When Roslyn Johnson says goodbye to her fifteen-year-old granddaughter as she leaves for school at 6:30 every morning, she worries about the hour-plus commute that awaits her.
“It’s pitch dark. So it’s scary and you’re on pins and needles because so much goes on today and you can’t take anything for granted,” Johnson said. “So I’m just afraid until she gets home. We all are.”
Her granddaughter Lemia is just one of the 32,000 city students that rely on MTA transportation services to get to school, according to data from the transit agency. Education advocates say that poor bus service translates to long commutes that have a negative impact on students and their families, often along lines of race and class.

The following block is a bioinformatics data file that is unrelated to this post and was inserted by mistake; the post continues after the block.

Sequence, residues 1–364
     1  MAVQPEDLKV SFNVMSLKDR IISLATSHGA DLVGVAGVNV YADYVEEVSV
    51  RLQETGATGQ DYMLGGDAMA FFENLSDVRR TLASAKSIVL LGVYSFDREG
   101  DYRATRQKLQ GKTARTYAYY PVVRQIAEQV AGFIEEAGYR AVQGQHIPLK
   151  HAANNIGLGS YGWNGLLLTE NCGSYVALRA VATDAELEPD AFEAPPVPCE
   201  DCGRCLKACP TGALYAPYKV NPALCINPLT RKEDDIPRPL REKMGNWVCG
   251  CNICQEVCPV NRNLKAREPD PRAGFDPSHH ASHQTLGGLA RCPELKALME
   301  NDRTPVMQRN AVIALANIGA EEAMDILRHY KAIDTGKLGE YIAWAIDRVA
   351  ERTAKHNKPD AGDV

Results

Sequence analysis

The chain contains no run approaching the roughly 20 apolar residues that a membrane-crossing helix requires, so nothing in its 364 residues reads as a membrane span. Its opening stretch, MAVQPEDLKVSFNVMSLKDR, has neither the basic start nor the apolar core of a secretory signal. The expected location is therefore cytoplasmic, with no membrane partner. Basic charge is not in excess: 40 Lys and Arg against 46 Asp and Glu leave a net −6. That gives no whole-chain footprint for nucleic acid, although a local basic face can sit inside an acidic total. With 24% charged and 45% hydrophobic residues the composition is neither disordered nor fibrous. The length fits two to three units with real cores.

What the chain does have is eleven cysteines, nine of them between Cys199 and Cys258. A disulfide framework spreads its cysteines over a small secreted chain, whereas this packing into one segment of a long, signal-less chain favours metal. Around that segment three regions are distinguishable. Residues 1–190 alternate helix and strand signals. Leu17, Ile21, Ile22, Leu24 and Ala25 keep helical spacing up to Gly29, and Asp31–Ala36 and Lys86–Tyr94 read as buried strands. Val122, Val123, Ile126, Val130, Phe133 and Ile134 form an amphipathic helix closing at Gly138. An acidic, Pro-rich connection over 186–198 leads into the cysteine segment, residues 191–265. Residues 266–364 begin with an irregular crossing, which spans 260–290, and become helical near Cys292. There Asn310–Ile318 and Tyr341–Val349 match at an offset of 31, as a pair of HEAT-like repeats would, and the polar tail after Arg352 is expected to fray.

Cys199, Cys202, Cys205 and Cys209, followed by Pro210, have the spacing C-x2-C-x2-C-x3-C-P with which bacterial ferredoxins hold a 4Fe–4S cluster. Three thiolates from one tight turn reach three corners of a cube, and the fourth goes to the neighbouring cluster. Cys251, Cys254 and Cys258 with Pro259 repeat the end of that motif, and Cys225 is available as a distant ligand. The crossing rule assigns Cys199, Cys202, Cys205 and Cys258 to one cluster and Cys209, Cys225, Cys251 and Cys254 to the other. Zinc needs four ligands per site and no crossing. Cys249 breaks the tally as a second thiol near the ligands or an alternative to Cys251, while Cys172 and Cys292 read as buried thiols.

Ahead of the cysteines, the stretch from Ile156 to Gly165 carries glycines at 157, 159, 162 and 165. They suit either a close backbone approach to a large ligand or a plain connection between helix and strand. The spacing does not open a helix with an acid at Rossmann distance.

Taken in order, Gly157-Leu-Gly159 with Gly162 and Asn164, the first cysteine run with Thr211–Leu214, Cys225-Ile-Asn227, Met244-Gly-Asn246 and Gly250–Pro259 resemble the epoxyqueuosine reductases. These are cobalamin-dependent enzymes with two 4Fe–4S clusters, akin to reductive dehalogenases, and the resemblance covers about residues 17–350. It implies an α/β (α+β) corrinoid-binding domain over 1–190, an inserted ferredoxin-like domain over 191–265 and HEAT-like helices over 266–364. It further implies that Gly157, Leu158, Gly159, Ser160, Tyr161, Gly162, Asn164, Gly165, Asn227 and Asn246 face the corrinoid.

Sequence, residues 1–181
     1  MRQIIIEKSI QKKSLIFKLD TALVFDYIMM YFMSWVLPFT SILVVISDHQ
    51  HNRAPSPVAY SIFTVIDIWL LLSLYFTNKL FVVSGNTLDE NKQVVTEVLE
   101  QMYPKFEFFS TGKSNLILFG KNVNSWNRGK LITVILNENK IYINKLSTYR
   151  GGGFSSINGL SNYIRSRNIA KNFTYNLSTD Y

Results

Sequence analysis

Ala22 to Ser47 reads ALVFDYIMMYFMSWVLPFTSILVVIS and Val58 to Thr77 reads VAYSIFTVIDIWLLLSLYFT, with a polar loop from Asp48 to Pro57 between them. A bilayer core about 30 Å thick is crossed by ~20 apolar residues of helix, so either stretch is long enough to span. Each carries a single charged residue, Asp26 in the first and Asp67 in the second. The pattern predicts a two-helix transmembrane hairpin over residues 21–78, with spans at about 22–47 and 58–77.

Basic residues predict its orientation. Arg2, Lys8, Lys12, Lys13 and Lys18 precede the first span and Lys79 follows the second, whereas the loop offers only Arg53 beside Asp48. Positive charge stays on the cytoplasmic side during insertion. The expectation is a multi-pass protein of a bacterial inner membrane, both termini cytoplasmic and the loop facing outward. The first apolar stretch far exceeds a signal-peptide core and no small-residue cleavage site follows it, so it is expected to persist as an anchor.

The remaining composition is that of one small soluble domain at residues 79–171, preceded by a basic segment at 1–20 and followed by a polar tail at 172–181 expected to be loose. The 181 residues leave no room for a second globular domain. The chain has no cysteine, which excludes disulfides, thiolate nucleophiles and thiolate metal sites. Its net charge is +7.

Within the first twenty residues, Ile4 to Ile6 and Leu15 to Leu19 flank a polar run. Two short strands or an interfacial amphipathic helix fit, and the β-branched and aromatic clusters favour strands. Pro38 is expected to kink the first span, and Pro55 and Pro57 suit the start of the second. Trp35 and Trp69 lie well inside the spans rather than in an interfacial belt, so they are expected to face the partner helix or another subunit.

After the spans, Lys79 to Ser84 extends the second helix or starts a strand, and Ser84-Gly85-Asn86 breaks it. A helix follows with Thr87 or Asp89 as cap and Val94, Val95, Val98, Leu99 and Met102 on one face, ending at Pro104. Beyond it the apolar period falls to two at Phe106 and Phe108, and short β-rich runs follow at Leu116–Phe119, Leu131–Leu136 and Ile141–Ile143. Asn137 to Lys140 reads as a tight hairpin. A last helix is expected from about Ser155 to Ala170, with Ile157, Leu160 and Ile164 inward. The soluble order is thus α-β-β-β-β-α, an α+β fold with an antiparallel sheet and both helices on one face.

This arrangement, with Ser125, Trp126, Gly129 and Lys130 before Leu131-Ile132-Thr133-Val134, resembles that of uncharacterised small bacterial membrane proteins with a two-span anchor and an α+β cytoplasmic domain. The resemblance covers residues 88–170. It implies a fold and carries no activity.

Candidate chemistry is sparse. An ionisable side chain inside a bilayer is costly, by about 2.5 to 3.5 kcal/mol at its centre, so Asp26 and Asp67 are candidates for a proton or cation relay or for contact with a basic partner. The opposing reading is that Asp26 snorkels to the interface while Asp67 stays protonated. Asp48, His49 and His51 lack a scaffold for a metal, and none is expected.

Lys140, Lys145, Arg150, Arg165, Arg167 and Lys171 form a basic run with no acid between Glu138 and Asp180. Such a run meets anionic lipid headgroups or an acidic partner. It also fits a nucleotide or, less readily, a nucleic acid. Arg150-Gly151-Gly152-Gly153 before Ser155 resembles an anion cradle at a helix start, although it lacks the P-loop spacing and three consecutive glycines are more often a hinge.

Only some city schools students are eligible for yellow bus service, such as students with disabilities and elementary students who live more than a mile away from their zoned schools. Middle and high schoolers have school choice – there’s no connection between where they live and where they learn. About three-quarters of them receive reusable, laminated MTA passes from their school to use between 5:00 a.m. and 8:00 p.m. on weekdays.
Johnson’s four grandchildren all attend different schools, so driving them around the city each morning isn’t an option. Lemia takes two MTA buses from their East Baltimore home to the Baltimore Design School in Greenmount West. The trip takes roughly eighty minutes each morning and up to two hours in the afternoon, when she travels outside of rush hour service.
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